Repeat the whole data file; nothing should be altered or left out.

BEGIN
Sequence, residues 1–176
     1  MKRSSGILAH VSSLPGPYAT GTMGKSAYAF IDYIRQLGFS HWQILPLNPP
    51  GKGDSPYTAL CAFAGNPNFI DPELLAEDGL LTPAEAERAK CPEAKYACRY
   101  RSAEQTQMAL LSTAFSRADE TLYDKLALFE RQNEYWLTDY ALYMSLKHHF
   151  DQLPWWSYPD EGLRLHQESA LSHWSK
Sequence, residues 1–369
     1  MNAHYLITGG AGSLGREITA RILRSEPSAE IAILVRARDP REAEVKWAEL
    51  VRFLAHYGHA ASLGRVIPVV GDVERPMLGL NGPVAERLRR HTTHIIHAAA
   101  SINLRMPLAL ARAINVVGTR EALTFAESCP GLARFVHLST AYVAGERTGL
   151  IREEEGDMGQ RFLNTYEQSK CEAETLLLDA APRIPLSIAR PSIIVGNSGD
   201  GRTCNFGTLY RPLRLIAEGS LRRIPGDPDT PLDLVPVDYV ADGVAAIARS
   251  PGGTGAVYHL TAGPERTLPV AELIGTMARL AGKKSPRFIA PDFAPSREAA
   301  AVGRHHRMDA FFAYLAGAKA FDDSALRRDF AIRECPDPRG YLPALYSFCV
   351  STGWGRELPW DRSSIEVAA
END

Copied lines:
Sequence, residues 1–176
     1  MKRSSGILAH VSSLPGPYAT GTMGKSAYAF IDYIRQLGFS HWQILPLNPP
    51  GKGDSPYTAL CAFAGNPNFI DPELLAEDGL LTPAEAERAK CPEAKYACRY
   101  RSAEQTQMAL LSTAFSRADE TLYDKLALFE RQNEYWLTDY ALYMSLKHHF
   151  DQLPWWSYPD EGLRLHQESA LSHWSK
Sequence, residues 1–369
     1  MNAHYLITGG AGSLGREITA RILRSEPSAE IAILVRARDP REAEVKWAEL
    51  VRFLAHYGHA ASLGRVIPVV GDVERPMLGL NGPVAERLRR HTTHIIHAAA
   101  SINLRMPLAL ARAINVVGTR EALTFAESCP GLARFVHLST AYVAGERTGL
   151  IREEEGDMGQ RFLNTYEQSK CEAETLLLDA APRIPLSIAR PSIIVGNSGD
   201  GRTCNFGTLY RPLRLIAEGS LRRIPGDPDT PLDLVPVDYV ADGVAAIARS
   251  PGGTGAVYHL TAGPERTLPV AELIGTMARL AGKKSPRFIA PDFAPSREAA
   301  AVGRHHRMDA FFAYLAGAKA FDDSALRRDF AIRECPDPRG YLPALYSFCV
   351  STGWGRELPW DRSSIEVAA